I was angry beyond belief with this man. Despite being 7 years older than me, it felt like he was acting like a child. I was an inch away from filing a restraining order.

Two, a recent encounter with an older man (40+ years older than me) from the creative writing group I run. This man felt the need to chastise me for my current relationship (with a man who also happens to be from the writing group) because I had turned him down for a coffee date over a year ago. He wrote me several long messages to stir a sense of guilt in me for dating my current partner, who he claims is completely untrustworthy and manipulating because he got a DUI several years ago–a DUI which I am very well aware of and that my (2+ years sober) partner has talked with me at length about. This man felt the need to “protect” me from being victimized, stating that I am oh-so-clearly prone to depression and vulnerability, and said that he cares about what happens to me. When I told him to stop contacting me and blocked his number, he went on to attack my partner. When that didn’t work, he publicly shamed my partner and I to several members of the writing group, and then “outed” my partner to these members as having received a DUI. He violated not only my privacy and stuck his nose into my personal life in an attempt to guilt and shame me, but he very publicly violated someone I love and made several innocent bystanders very uncomfortable in the process.

I am angry beyond belief with this man. Despite being 40 years older than me and a so-called mental health worker in his past career, he showed that he had nothing else to do but try to insert himself into my business to try to change my behavior — to try to make me feel bad, or to benefit him. When I didn’t act the way he wanted me to, he lashed out. When I refused to step down and concede to him, he revealed himself as the insecure man he really is.

When my husband first threatened to divorce me, I was desperate to do anything I could to change his mind. I changed how I acted, how I dressed, how I interacted with him. I shied away from conflict and tried to give him what he wanted, and in the process, I shriveled up a little bit more each day, parts of me dying along the way. One day it hit me: with every complaint he had about me and every request made for me to change, there was no end-goal of peaceful reconciliation for him. He wanted me to be someone completely different. He didn’t want me for me, he wanted me to be someone new, someone else. No matter what I did to please him, there’d always be something else to complain about. There would always be something I wasn’t doing right.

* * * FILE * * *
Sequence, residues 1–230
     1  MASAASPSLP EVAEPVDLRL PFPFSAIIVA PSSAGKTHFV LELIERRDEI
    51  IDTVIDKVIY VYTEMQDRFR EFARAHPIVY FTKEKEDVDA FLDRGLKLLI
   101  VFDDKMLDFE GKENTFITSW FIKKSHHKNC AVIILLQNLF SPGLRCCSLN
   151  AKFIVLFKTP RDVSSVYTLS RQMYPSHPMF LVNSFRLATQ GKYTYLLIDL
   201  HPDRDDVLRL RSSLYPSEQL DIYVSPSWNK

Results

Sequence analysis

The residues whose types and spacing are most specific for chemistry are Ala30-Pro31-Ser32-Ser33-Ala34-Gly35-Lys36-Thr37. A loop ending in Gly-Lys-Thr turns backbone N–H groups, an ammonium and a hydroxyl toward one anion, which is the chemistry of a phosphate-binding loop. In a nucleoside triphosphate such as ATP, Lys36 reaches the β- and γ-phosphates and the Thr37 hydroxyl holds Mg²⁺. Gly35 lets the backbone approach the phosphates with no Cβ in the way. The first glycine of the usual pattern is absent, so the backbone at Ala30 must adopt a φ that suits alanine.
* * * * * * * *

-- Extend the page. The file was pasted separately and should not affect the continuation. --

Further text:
I tried a little bit longer after that, but eventually, I accepted the reality for what it was. I wasn’t what he wanted. Our marriage wasn’t going to last. So, on our final night together when he stared at the patio floor and told me he couldn’t do it anymore, I ceased to fight him. I nodded and in an angry stupor, I told him I knew.

Ever since that moment I have slowly and steadily laid the bricks of my foundation of strength. It is what keeps me going on my most frustrating days, it is what keeps me sober and stubborn, it is what pushes me to be the kind of woman insecure men want to control, but can’t, no matter how hard they try. It’s what courses through my veins when I’m overcome by determination, it is what makes me a compassionate and caring therapist to my clients, even when they can’t or won’t be compassionate and caring with me.

Strength like this is one of those weird things you don’t notice until it has some major impact on your life that wouldn’t have been possible before. It doesn’t happen overnight. Things as good as this rarely ever do.

❤ Em

3 thoughts on “Stronger

  1. Robert Crisp says:

    While the particulars of your situation aren’t mine, I recognize myself in your words nonetheless, especially when it comes to the confident I’m developing in sobriety. I still catch myself believing lies my brain manufactures (I’m not very intelligent, I can’t do certain things, I’m a no-talent piece of garbage) but I recognize them as lies. It feels good to stand up for myself. Thanks for your post. : )

    Liked by 1 person